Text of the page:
Yesterday (October 14th) the Islands Broadband Concern Group attended an informal background briefing from HKT’s Netvigator engineering and marketing teams on the islands broadband services.
During the briefing there was a sense that we are pushing at a slightly open door, and that within HKT there is an awareness of a need to deliver the kind of service customers on the islands today expect.
But bear in mind that their internal process as well as any future network upgrade will take time.
The IBCG’s own efforts to get improvements to remote areas broadband will also take time. This is just an early step and there are quite a few more people and organisations we need to talk to.
The good news:
* The HKT team has already started work on draft plans to invest fairly widely in broadband fibre on the Outlying Islands. This enhanced network wouldn’t cover all households, but if it comes to to fruition it should be a good result for most Islands residents.
* We received a clear understanding of the network technologies and topology. No great surprises: HKT is providing broadband via ADSL access on the islands, using fibre backhaul (ie, the offshore links) in every case except Lamma, which is served via microwave.
* The HKT team agreed to treat as a priority those customers with persistent broadband service problems, which we agreed to define as no service or unstable service for two weeks or more.
* HKT is keen to receive feedback from our Members and are open to further dialogue.
The less good news:
* As can be inferred from the above, the fibre upgrades for the remote areas of Hong Kong as announced by HKT back in August are just “plans” and require a series of approvals both internal (commercial) and governmental (planning etc) backed by political will. Whatever happens this will take some time.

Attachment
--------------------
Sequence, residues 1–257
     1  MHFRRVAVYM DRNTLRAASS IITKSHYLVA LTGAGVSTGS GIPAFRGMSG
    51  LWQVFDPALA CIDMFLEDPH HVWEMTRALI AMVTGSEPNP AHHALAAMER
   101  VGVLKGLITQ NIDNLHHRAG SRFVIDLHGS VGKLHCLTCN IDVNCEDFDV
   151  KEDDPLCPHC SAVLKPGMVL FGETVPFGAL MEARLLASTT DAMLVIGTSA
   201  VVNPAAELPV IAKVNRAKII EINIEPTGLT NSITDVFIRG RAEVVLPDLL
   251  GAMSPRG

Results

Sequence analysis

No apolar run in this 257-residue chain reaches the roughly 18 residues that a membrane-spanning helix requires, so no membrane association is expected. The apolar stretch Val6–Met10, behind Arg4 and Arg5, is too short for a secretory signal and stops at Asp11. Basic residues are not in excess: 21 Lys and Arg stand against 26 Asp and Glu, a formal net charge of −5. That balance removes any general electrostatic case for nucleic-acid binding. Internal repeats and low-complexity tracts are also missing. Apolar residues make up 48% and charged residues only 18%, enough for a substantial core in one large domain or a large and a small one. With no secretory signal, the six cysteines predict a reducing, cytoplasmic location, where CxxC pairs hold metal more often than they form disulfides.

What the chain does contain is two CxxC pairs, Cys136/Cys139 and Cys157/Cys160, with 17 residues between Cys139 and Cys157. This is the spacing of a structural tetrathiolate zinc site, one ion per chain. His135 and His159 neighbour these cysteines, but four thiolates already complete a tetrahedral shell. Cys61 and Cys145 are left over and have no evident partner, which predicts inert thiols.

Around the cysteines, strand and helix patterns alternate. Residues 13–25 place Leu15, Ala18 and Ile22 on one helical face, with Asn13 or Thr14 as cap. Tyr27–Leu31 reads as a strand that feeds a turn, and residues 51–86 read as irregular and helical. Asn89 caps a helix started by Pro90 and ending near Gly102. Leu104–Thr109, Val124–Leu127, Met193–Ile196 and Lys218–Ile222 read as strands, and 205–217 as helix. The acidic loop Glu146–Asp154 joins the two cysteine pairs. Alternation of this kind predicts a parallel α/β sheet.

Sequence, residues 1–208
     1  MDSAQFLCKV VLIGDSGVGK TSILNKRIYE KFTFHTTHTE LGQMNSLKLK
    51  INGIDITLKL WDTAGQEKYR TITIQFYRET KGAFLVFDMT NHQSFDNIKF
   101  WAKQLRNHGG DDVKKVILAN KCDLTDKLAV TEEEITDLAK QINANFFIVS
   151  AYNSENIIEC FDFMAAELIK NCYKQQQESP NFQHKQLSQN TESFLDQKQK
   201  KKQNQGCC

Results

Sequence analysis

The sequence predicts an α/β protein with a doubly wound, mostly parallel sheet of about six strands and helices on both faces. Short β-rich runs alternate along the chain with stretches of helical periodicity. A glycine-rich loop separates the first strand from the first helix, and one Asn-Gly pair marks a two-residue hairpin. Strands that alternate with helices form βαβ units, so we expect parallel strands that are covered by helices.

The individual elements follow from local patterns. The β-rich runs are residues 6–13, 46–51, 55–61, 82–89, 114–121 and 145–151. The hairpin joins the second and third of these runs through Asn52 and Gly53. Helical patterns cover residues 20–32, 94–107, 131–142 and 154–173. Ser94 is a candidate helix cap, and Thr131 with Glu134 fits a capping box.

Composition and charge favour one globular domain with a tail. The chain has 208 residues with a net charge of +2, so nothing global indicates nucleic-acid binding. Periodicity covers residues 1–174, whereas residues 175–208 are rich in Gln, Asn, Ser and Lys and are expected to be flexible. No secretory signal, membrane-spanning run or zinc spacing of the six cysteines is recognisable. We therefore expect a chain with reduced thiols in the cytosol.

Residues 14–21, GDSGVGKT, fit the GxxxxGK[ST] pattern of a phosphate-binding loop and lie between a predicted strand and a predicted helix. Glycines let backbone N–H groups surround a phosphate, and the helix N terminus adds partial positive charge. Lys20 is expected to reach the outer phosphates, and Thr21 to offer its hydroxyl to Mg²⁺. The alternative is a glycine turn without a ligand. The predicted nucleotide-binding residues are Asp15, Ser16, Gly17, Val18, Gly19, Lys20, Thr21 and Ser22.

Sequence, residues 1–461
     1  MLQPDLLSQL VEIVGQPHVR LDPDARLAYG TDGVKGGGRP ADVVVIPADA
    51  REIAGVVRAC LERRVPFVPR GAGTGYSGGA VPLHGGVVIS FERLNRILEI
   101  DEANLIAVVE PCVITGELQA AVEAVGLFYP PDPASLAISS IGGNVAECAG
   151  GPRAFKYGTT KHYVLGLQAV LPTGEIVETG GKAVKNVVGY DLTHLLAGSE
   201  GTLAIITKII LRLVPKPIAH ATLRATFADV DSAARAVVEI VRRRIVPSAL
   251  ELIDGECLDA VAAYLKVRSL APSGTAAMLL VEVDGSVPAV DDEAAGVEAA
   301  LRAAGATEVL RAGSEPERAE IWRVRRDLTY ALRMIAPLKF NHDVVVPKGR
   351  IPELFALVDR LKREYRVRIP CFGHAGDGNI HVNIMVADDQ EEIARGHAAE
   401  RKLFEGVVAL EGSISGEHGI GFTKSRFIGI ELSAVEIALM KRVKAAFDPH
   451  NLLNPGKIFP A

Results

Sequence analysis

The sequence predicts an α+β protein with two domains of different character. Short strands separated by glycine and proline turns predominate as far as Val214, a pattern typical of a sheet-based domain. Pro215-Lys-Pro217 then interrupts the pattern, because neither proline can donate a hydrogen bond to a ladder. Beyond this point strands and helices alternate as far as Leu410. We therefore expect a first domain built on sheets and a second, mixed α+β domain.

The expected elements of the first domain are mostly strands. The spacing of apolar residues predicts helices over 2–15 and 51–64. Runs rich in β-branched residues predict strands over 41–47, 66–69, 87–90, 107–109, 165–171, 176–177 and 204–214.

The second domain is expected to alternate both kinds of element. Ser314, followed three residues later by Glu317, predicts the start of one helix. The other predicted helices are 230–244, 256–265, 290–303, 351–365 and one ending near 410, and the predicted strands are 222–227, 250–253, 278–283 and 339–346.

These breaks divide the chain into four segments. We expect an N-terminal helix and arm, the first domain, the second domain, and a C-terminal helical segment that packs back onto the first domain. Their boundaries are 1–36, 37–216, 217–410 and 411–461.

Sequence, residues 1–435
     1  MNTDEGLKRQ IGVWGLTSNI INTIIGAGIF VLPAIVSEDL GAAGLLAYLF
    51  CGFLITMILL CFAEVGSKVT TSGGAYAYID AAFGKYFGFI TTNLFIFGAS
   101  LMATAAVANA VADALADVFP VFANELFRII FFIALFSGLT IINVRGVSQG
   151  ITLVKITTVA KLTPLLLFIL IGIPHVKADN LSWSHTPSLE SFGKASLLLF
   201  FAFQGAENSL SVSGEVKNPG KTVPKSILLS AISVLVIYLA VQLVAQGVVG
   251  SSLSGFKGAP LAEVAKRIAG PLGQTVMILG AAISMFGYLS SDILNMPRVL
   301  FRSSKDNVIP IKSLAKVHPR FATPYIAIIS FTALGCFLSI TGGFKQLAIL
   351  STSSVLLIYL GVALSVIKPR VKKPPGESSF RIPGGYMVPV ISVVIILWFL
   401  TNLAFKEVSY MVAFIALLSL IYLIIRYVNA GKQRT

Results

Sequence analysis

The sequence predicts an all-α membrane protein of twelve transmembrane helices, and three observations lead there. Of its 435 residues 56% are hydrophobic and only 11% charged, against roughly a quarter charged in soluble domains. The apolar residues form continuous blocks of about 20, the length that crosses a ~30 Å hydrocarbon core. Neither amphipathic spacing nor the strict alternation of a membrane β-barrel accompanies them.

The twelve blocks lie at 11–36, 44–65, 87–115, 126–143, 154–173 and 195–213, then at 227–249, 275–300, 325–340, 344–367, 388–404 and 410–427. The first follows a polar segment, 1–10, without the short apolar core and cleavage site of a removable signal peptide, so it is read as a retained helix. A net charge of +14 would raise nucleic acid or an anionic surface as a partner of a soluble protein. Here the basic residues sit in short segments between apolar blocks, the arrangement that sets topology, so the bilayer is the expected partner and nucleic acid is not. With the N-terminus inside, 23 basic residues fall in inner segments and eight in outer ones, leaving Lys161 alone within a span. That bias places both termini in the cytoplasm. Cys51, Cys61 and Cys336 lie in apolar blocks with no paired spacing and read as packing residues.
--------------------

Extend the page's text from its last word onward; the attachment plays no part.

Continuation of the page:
* At this point Lamma Island’s backhaul microwave link is literally the weakest link. There is no HKT high-capacity fibre connection to Hong Kong island.
While Lamma has similar fixed-line ADSL broadband infrastructure as the other islands, its offshore link comprises multiple microwave connections to Hong Kong Island that have only a fraction of the capacity of fibre cable and are subject to rainfade.
For signal interference reasons, the HKT engineers explained that, they could only deploy a limited number of additional microwave links and the number of technically feasible microwave links is almost maxed out. The installation of fibre cable under the Lamma Channel appears to be well down the list of priorities.
WHAT WE CAN DO
Most immediately, both HKT and the Islands Broadband Concern Group need to further demonstrate the high level of demand from the island communities for high-speed fibre standard services and how much people (customers) would be willing to pay for them.
FOR THOSE WITH PERSISTENT BROADBAND FAULTS
The HKT execs attending the briefing (at least those not directly involved in providing end-user customer service) appeared taken aback by some of the customer broadband experiences, especially those complaints from commercially impacted professional “home office” users.
The HKT team committed to addressing the persistent issues that they would be escalated and treated as priority. Let’s see if that’s the case.
If your service has not been working effectively for two weeks or more, please email (with as much detail as possible) to firstname.lastname@example.org and encourage others to do likewise
We will pass the results to HKT’s Customer Experience team and seek a further meeting to review the outcome of this feedback exercise.
Islands Broadband Concern Group, October 15th 2015
Convenor, Robert Clark